- Fans will be able to make in-stadium purchases using mobile device
- ‘Reverse ATMs’ will also allow fans to exchange up to US$500 for Visa debit card
- Visa claims cashless arenas experience a 25% hike in transactions
The National Football League (NFL) has finalised plans with payment technology partner Visa to make the 2021 Super Bowl completely cashless in a bid to mitigate the health risks posed by Covid-19.
All Super Bowl-related payments from the official NFL outlet will be digital-only, including parking and in-stadium.
The NFL and Visa are working with the Tampa Bay Buccaneers to ready their home Raymond James Stadium for the title game on 7th February.
One of the innovations will see ‘reverse ATMs’ introduced at the stadium, allowing fans to exchange up to US$500 for a pre-paid Visa debit card to use at the Super Bowl.
The same technology was adopted for Major League Baseball’s (MLB) World Series held at the Texas Rangers’ Globe Life Field home ballpark in October.
Although it is not yet clear how many fans will be permitted to attend this season’s Super Bowl, Visa says that the technology also helps to drive revenue. Arenas that go cashless have experienced an average 25 per cent hike in fan transactions, while also saving between US$150,000 and US$350,000 on operational costs.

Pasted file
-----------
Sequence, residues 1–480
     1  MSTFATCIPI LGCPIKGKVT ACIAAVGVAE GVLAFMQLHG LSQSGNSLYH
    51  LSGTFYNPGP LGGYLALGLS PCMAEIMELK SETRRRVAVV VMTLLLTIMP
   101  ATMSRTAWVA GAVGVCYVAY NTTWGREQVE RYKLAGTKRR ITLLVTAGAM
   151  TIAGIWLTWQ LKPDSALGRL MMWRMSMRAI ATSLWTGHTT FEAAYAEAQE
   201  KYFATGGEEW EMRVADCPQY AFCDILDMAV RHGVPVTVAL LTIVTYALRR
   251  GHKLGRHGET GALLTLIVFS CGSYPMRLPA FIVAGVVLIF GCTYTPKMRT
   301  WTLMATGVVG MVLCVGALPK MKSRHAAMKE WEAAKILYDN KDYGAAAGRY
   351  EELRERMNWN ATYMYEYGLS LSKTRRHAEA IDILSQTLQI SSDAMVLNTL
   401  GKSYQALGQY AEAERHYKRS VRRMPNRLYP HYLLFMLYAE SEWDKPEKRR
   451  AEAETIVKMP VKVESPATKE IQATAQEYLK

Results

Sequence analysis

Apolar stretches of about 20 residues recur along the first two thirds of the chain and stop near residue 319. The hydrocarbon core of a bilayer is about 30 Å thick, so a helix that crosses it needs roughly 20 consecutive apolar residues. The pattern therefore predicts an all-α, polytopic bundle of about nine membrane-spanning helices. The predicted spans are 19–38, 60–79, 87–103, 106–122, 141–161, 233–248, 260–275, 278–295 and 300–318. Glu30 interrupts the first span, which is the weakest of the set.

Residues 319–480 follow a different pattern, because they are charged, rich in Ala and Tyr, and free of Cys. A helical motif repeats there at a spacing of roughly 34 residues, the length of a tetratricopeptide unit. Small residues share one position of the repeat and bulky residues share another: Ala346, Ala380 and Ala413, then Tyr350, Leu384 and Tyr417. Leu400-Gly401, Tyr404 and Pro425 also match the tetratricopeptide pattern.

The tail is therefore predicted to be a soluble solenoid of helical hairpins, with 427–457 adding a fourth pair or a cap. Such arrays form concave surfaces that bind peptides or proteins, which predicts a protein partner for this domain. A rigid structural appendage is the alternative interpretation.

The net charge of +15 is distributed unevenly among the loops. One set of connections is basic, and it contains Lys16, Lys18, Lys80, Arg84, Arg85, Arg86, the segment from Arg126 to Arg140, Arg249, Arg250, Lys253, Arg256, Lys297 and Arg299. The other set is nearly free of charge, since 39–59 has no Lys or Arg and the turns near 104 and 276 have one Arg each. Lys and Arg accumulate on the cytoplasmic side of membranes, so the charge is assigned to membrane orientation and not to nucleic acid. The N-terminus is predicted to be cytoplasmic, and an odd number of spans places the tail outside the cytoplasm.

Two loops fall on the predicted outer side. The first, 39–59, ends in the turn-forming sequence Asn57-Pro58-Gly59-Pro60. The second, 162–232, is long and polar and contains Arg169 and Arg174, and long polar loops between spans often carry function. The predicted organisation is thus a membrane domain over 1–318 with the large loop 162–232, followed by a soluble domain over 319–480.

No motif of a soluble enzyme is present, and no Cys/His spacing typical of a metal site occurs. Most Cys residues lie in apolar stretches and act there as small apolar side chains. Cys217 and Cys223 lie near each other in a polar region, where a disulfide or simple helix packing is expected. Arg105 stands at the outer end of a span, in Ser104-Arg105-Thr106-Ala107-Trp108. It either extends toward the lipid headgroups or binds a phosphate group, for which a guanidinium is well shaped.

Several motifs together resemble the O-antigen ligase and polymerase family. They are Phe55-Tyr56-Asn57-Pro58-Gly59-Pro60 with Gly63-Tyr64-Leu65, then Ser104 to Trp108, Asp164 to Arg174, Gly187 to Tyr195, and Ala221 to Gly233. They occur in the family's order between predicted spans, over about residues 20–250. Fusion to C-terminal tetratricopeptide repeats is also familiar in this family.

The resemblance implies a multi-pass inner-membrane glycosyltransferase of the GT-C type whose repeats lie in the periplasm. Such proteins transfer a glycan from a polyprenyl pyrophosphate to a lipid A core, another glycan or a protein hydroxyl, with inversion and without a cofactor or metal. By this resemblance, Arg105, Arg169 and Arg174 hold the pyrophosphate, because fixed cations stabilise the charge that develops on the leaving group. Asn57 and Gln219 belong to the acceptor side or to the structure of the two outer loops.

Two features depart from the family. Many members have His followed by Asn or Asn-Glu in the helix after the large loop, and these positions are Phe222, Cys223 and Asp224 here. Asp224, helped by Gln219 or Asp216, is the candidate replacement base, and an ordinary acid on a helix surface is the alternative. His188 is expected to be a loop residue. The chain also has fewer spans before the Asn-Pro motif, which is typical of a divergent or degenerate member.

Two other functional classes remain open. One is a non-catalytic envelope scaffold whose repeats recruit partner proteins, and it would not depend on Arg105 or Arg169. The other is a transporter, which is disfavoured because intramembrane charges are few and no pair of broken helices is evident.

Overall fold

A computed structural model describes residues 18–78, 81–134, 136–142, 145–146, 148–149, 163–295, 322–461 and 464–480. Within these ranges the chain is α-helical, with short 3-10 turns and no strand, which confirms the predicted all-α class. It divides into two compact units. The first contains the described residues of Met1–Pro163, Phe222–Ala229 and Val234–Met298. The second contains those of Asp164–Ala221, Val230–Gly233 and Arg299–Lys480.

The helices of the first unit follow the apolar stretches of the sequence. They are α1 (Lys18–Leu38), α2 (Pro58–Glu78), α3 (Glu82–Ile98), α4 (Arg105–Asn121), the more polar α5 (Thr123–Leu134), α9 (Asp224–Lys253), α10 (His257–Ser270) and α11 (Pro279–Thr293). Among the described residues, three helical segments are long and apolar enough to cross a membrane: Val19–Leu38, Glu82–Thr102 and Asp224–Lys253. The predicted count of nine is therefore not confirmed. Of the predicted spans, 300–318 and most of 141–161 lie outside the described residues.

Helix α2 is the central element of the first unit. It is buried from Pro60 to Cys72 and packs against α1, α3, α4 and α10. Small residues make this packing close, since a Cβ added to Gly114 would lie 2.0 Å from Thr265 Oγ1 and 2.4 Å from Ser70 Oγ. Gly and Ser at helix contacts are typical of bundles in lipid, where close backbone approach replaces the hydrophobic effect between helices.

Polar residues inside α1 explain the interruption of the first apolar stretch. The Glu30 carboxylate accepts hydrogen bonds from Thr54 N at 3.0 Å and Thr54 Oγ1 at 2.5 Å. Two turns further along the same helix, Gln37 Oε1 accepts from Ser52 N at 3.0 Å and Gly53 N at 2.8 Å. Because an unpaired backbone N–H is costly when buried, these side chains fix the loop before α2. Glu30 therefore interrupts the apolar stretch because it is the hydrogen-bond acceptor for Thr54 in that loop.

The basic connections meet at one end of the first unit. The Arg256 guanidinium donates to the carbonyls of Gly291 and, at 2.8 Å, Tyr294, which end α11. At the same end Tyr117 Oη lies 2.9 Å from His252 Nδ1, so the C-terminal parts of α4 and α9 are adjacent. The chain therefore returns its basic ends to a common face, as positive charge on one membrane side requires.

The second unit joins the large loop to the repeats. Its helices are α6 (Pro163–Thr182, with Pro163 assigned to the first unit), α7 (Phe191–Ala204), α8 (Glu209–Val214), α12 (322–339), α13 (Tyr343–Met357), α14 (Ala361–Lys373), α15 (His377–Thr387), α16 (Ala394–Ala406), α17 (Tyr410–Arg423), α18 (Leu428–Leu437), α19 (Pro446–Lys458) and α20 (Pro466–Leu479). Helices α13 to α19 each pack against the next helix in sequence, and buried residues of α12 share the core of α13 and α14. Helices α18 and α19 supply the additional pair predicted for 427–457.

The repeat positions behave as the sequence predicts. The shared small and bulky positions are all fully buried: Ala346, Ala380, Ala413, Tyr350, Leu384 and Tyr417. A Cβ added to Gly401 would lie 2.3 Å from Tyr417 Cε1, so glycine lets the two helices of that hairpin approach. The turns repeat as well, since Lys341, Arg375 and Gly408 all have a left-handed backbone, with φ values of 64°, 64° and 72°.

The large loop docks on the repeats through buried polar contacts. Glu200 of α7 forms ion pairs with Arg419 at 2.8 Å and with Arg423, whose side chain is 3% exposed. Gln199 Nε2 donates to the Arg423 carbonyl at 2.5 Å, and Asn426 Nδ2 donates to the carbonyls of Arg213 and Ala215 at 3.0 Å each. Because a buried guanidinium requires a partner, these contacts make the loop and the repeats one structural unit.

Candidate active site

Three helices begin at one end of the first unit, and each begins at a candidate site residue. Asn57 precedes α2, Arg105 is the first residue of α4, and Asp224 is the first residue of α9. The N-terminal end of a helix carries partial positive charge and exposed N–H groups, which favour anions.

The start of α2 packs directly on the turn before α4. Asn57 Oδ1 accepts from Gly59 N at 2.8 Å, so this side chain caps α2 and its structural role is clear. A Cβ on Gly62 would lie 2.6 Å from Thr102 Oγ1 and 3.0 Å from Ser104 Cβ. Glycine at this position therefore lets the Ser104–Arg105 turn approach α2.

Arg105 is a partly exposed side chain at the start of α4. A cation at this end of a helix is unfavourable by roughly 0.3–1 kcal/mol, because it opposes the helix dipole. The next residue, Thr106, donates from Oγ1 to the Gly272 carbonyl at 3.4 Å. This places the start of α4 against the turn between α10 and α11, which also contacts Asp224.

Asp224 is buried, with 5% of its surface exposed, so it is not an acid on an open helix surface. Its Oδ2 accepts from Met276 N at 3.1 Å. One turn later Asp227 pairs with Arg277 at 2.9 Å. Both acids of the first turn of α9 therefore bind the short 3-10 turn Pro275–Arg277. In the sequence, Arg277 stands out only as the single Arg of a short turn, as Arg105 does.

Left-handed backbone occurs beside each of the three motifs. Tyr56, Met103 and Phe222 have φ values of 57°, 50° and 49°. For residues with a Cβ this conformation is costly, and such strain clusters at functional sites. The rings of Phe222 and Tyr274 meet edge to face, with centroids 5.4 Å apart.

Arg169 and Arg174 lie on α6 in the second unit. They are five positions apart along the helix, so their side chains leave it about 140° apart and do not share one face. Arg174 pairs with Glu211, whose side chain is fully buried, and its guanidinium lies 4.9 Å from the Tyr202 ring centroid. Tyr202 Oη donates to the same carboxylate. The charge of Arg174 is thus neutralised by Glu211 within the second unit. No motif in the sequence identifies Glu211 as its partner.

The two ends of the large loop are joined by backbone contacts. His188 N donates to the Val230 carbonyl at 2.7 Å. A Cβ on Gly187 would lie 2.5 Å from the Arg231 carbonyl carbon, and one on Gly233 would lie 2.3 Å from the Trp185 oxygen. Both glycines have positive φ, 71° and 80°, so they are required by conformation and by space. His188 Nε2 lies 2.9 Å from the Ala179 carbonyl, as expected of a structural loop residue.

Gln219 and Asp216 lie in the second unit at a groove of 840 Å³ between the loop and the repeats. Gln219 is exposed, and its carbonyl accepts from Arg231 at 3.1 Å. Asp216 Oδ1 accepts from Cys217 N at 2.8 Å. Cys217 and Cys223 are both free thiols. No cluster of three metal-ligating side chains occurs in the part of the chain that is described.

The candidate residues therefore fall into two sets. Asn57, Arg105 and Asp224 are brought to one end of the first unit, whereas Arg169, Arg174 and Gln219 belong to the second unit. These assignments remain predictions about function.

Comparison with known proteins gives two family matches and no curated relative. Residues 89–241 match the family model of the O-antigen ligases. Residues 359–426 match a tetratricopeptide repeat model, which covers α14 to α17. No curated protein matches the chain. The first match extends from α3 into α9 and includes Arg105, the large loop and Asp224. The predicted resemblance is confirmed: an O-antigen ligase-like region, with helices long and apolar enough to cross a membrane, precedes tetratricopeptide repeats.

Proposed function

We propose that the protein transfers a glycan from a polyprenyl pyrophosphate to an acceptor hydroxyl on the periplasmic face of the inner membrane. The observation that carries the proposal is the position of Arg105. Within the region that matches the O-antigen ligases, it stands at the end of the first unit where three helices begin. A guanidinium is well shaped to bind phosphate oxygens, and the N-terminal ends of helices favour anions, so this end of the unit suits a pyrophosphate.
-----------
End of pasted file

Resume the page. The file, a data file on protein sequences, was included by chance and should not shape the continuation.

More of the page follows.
A limited number of fans have already been welcomed back to several NFL stadiums during the coronavirus-hit 2020 season, with cashless payments having been adopted by some teams to help reduce the spread of the virus.
Visa has assisted six stadiums in upgrading their point-of-sale infrastructure to become contactless. Meanwhile, more than 20 stadiums nationwide are now moving to a cash-free model or plan to do so in the near-term, including the NFL’s San Francisco 49ers and Baltimore Ravens.